Monday, May 05, 2008

EXHIBITIONS: Pleasure-Purpose at the OCC Gallery (May 8-June 6, reception: May 8)

Presented by the
Ontario Crafts Council Gallery
990 Queen Street West

Click here to enlarge

Curated by Janna Hiemstra
May 8 - June 6
Opening Reception May 8, 5:30 - 8:30

Featuring Participating Artists: Alain Belanger, Ann Mortimer, Anne Barros, Carolyn Scandiffio, Janna Burford, Keith Campbell, Kevin MacLean, Lily Yung, Maciej Dyszkiewicz, Michael Fortune, Peggy Mersereau, Roger Wood and Tara Bursey.

Craft is a slippery entity. Occupying multiple spaces, it is able to take full advantage of its flexible margins to play with materials, techniques and its creative rationale. Craft can delight,comfort, confront and satisfy in more ways than one.

At the same time, attempts to pin craft down often result in defined categories of materials, processes and uses. A common approach situates craft somewhere between art and industry - a place where craft objects are not quite required to accommodate the contemplative relation between form and content, but rather operate as either decorative or functional pieces.

Within this framework, craft is often associated with a creative skill developed in terms of specific materials like ceramic, fibre, glass, metal and wood. These skills and materials further include the notion of the ‘handmade’, which carries with it implications regarding craft processes and purposes such as originality and authenticity, locality as well as anti-industrialism. As an aesthetic discipline rooted in the arts and craft movement of 19th century Europe, in turn influenced by the industrial revolution, these implications are not surprising.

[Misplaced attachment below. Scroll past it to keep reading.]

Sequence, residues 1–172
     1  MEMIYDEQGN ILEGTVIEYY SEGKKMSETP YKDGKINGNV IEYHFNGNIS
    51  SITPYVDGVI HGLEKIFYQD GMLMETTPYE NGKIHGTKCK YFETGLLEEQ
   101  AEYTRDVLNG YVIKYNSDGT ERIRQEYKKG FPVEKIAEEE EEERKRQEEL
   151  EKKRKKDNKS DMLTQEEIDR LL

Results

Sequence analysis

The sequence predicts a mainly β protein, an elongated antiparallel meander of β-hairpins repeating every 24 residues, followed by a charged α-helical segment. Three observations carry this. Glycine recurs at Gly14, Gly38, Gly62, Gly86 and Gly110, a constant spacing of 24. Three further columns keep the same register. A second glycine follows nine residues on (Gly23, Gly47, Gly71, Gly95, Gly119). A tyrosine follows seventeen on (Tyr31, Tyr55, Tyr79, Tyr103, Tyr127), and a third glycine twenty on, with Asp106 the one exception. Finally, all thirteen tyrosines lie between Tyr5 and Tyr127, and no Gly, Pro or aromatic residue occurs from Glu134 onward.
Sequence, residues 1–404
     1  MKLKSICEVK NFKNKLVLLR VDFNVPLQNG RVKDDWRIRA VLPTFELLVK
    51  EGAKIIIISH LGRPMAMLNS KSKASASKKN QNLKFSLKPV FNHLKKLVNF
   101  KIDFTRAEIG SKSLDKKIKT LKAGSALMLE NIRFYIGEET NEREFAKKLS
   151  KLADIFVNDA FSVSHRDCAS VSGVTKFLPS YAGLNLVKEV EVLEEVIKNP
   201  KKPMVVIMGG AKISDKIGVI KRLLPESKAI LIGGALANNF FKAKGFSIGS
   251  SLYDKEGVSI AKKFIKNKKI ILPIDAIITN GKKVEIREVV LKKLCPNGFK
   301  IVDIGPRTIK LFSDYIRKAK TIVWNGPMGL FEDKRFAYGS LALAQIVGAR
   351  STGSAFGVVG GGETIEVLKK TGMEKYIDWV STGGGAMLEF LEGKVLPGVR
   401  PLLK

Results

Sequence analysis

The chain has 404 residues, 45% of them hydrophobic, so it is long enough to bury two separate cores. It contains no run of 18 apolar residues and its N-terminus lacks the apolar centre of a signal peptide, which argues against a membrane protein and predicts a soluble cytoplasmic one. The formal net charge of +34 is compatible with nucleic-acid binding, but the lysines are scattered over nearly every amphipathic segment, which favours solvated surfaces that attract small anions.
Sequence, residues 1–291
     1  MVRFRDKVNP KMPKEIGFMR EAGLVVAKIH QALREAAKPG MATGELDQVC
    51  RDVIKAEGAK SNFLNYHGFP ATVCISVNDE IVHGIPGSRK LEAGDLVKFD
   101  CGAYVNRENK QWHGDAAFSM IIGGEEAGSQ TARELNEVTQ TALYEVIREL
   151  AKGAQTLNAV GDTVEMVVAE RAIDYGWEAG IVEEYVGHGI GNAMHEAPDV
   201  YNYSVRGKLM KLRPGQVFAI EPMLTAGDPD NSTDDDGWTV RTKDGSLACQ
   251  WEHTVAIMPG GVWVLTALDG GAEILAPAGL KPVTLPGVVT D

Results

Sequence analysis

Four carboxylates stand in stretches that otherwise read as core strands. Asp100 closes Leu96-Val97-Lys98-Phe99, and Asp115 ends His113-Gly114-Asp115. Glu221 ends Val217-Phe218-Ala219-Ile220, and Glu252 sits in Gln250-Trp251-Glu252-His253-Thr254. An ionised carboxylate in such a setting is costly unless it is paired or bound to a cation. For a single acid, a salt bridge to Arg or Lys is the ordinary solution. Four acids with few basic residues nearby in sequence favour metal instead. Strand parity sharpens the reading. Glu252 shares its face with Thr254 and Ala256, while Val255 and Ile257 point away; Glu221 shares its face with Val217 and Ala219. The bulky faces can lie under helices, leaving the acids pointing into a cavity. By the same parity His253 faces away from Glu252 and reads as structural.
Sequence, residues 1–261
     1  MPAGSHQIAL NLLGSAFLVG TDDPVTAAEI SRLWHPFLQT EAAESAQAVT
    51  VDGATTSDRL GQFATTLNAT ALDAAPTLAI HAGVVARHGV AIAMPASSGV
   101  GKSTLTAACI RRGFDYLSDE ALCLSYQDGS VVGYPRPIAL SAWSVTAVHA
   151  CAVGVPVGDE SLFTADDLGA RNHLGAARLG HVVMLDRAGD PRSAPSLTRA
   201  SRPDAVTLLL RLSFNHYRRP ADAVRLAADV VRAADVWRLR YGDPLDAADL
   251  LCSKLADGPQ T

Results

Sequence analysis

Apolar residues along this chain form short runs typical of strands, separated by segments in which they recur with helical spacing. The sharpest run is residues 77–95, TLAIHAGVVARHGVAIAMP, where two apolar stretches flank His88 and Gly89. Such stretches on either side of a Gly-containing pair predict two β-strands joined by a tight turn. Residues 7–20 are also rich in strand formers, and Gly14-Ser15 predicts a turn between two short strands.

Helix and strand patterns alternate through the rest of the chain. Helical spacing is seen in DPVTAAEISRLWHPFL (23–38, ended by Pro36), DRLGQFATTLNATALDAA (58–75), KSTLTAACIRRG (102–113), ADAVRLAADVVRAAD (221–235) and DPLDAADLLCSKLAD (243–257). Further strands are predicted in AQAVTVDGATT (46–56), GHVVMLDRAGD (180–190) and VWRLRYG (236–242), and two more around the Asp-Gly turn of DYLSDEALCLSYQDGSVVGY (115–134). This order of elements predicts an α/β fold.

However, along with many other things in creative culture,borders have been crossed, and lines blurred. Contemporary craft easily negotiates the territories between functional, ornamental, sculptural and conceptual genres. One indication of this is the capricious category of ‘mixed media’ where materials converge, new materials like plastic are used, and found objects make an appearance. Craft can also be found across the cultural map in museums, galleries, schools, magazines, and the fashion industry; and is made, used, displayed, contemplated and discussed by a large and diverse mix of people.

In response to this seemingly amorphous area of making, PLEASURE-PURPOSE is an attempt to navigate craft and question its contemporary role; leaving space for the work to speak for itself, and allowing contradictions between different approaches to surface. With an array of multidisciplinary work by both emerging and professional craftspeople, different objectives and uses are contrasted to challenge boundaries and create discussion concerning the pleasure we find in craft and what we perceive its purpose to be. For all intents and purposes, craft is a unique embodiment of creative expression that needs to be explored.


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